In a highly theatrical vote in the U.S. House of Representatives on Wednesday, members of the House voted to repeal Obama’s signature healthcare law. Congressional Republicans have been working on repeal measures to undo ObamaCare virtually since the legislation was passed, but the controversial Supreme Court ruling that found the individual mandate to be constitutional, thereby upholding the law, has prompted the GOP to turn its attention to healthcare once again.
Five Democrats joined the Republican majority in the 244-185 vote, though Democratic leaders had warned that several of their caucus members facing tough re-election battles in November might side with the Republicans on the volatile issue.
Wednesday’s vote is just one of a number of efforts in the House undertaken by the GOP to overturn the healthcare law; however, despite the easy success of the repeal vote, it is expected to go nowhere in the Democrat-controlled Senate.
Still, the vote was highly contentious. Republicans rejected a motion proposed by House Democrats to require any legislator supporting the repeal measure to give up government-provided healthcare.
Democrats contend that debates on repealing the healthcare law should have died once the Supreme Court declared the law to be constitutional.
Rep. Steny Hoyer of Maryland is accusing Republicans of being fixated on the healthcare repeal efforts. "It's a sad spectacle that we see this week where none of the debate on the floor is going to lead to legislation which will create jobs and grow our economy," he told reporters.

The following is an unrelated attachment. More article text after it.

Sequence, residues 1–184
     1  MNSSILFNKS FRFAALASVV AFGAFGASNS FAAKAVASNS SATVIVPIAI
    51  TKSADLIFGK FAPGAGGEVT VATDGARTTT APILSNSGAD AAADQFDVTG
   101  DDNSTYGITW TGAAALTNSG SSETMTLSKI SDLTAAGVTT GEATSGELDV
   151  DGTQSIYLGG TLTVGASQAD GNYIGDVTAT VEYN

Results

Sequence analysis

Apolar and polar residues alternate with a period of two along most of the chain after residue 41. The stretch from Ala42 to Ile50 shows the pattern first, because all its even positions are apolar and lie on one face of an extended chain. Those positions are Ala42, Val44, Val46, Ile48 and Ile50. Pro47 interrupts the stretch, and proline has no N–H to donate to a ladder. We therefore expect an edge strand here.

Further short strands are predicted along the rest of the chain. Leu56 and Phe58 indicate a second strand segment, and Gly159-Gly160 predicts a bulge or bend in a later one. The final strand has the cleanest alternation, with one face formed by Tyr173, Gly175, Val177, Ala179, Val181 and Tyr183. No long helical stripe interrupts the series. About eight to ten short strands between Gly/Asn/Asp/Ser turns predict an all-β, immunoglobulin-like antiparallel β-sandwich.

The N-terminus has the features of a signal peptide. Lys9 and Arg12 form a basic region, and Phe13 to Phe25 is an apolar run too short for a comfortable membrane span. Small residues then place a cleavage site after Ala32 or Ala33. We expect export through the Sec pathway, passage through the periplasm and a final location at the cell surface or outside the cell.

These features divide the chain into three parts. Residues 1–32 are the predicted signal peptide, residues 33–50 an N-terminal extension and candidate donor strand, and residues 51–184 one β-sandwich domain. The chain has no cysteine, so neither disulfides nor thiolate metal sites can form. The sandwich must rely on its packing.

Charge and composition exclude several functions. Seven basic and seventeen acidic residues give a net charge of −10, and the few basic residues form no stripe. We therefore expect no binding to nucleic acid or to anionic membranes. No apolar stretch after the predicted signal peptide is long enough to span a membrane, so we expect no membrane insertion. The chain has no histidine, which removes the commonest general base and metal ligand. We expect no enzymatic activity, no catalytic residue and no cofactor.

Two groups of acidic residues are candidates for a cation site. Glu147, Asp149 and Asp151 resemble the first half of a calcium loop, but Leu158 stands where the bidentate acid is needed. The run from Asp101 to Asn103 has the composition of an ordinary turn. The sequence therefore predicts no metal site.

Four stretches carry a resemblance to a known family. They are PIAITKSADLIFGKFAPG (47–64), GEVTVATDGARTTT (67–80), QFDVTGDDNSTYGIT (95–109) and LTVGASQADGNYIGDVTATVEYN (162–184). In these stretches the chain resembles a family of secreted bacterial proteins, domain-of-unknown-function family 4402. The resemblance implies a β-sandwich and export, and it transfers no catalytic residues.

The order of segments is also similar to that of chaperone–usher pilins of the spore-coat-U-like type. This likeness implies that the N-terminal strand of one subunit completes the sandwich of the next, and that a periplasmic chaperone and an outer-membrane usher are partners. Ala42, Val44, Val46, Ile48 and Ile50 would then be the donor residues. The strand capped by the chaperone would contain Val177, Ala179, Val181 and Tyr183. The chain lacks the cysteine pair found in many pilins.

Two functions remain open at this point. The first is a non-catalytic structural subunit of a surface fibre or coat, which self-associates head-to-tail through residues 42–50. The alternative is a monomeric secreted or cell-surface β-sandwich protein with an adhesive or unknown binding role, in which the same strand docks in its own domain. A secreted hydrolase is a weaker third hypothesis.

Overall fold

But Republicans note that the American people continue to remain opposed to the law, and assert that they are subject to the priorities of their constituents.
"This happens to be the seminal issue of our time," Rep. Jeb Hensarling (R-Texas) told CNN on Wednesday. "...Those of us who want patient-centered health care have had two years to repeal it. I think it's kind of unreasonable to think we're going to go away."
The most recent Rasmussen Reports national telephone survey finds that 53 percent of likely U.S. voters at least somewhat favor the repeal of the health care law, while 41 percent are opposed. These findings include 43 percent who strongly favor repeal and 31 percent who strongly oppose it.
In the debate leading up to the House vote, members of both parties revisited many of the same arguments that were utilized in 2010, when the law was passed.
"This law is historic, but for all the wrong reasons," argued Rep. Sam Graves (R-Mo.). "It reaches too far into the personal decisions of Americans and it puts a heavy burden on our economy and small businesses. It's an example of big government at its absolute worst."
Rep. Debbie Wasserman Schultz of Florida, the Democratic National Committee chair, bemoaned the multiple House votes to repeal all or part of the health reform law that have taken place since the law’s passage. "It is time to stop the tantrums, grow up, and work together on Americans' number one priority — creating jobs," she said.
While Republicans are working to overturn ObamaCare, the Associated Press notes that it has yet to offer an alternative, despite the oft-used campaign promises of many of the newly elected members of the GOP to “repeal and replace” ObamaCare.